The federal judge overseeing the criminal case against former national-security adviser Michael Flynn is weighing charges of perjury or contempt for Flynn even as the Justice Department seeks to have the case dismissed.
Judge Emmet Sullivan said he has appointed a former federal judge to argue against the Justice Department’s controversial move to dismiss the case against Flynn, who pled guilty in 2017 to lying to the FBI about his Russian contacts but withdrew his guilty plea earlier this year.
Sullivan said Tuesday he will allow third parties to weigh in on the case before dropping the charges and directed a retired judge, John Gleeson, to recommend whether Flynn should receive a criminal contempt charge for perjury. Sullivan’s order directs Gleeson to determine whether Flynn’s admission that he lied to the FBI, which was made under oath on two separate occasion, amounted to perjury, since he later reversed himself and said he never lied to the agents.
Gleeson, a Clinton appointee who served as a federal judge in New York, has expressed suspicion that the DOJ’s move was tainted by political influence.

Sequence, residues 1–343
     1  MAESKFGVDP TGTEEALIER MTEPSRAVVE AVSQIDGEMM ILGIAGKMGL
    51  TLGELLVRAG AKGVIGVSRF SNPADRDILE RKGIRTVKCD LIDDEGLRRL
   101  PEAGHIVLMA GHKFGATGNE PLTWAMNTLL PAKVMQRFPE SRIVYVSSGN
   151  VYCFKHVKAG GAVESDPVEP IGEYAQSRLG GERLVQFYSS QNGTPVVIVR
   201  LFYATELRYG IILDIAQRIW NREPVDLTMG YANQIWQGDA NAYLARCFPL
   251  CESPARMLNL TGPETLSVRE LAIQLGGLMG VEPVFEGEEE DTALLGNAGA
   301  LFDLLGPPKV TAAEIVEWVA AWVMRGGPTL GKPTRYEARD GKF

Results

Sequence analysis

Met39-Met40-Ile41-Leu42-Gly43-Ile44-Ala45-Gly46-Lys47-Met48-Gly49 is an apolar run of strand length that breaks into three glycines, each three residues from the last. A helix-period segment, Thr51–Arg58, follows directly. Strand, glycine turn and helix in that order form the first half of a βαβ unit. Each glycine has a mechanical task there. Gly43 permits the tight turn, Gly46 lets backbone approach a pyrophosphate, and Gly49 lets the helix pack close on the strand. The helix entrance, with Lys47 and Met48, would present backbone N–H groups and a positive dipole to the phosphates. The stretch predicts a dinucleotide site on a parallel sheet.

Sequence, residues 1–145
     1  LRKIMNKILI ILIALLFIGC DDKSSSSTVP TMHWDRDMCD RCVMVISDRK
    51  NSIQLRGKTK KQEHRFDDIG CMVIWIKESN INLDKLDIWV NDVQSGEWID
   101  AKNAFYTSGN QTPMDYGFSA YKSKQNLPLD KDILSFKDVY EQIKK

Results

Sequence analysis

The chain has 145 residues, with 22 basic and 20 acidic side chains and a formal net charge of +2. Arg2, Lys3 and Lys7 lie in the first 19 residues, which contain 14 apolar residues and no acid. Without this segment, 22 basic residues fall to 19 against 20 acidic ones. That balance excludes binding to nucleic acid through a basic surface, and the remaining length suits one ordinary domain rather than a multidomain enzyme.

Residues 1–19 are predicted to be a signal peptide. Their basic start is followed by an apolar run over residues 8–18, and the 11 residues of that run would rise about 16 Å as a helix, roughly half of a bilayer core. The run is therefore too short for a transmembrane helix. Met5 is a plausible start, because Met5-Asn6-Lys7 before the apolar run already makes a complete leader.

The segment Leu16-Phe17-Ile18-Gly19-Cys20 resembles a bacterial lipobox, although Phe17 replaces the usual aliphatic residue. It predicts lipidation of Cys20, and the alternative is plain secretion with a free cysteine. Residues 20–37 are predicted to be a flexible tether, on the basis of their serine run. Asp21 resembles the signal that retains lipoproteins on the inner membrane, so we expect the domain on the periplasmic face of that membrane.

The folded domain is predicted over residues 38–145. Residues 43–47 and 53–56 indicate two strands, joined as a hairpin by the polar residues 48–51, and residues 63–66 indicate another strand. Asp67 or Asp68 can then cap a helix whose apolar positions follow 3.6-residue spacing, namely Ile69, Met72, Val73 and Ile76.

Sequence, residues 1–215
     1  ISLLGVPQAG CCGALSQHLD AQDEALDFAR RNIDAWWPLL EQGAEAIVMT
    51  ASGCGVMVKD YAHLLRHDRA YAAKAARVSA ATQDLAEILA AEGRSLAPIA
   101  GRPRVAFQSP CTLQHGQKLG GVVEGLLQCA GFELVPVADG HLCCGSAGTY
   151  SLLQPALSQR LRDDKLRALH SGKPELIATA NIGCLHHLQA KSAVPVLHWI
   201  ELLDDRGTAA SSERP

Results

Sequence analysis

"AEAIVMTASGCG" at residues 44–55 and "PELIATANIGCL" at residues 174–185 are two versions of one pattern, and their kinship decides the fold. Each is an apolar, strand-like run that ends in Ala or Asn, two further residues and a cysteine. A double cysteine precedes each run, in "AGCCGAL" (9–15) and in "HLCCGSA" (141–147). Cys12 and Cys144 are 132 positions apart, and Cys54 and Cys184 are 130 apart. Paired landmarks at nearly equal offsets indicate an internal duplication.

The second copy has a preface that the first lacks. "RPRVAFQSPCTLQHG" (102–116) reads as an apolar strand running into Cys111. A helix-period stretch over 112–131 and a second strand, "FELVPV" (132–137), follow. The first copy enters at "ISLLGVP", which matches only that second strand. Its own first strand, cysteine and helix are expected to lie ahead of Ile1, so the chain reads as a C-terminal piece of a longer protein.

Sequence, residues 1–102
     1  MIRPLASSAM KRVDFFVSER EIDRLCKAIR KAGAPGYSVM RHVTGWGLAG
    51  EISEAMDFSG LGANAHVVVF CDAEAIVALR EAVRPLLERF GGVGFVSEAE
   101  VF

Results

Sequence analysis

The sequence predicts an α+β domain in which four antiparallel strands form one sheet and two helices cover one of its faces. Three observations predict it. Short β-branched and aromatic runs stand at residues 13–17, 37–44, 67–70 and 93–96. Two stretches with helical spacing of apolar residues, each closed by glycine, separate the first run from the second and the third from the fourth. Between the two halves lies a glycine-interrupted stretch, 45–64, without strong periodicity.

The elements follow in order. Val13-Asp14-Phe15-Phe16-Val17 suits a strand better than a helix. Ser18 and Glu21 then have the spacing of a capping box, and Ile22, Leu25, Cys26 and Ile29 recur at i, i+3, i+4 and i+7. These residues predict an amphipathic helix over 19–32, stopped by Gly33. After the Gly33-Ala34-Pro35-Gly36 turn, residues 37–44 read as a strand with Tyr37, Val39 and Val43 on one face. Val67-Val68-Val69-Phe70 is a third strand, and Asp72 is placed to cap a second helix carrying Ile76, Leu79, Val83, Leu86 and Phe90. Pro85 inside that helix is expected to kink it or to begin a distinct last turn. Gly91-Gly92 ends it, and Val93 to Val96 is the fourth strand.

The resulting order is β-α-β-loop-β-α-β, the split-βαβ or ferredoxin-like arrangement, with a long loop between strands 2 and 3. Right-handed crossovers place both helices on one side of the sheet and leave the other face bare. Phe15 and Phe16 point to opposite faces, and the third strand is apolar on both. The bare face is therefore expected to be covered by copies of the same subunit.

“Government motions to dismiss at this stage are virtually unheard of,” Gleeson wrote along with several other authors in a Washington Post op-ed published Monday. “There has been nothing regular about the department’s effort to dismiss the Flynn case. The record reeks of improper political influence.”
Flynn was fired by President Trump after the revelation that he made contradictory statements to Vice President Mike Pence about whether he had discussed sanctions with Russian ambassador Sergey Kislyak. The retired three-star general pled guilty during Trump’s first year in office to making false statements to the FBI regarding his contacts with the Russian ambassador. In January, however, he claimed he never lied to investigators.
“I did not lie to them. I believed I was honest with them to the best of my recollection at the time,” Flynn said in a January legal filing. “I still don’t remember if I discussed sanctions on a phone call with Ambassador Kislyak nor do I remember if we discussed the details of a UN vote on Israel.”
“I tried to ‘accept responsibility’ by admitting to offenses I understood the government I love and trusted said I committed,” Flynn added.
The Justice Department said last week that the charges against Flynn should be dropped, arguing that Flynn’s FBI interview in January, 2017 was “untethered to, and unjustified by, the FBI’s counterintelligence investigation into Mr. Flynn” and “conducted without any legitimate investigative basis.”
The case against the former national-security adviser arose from special counsel Robert Mueller’s investigation into the Trump campaign’s contacts with Russia.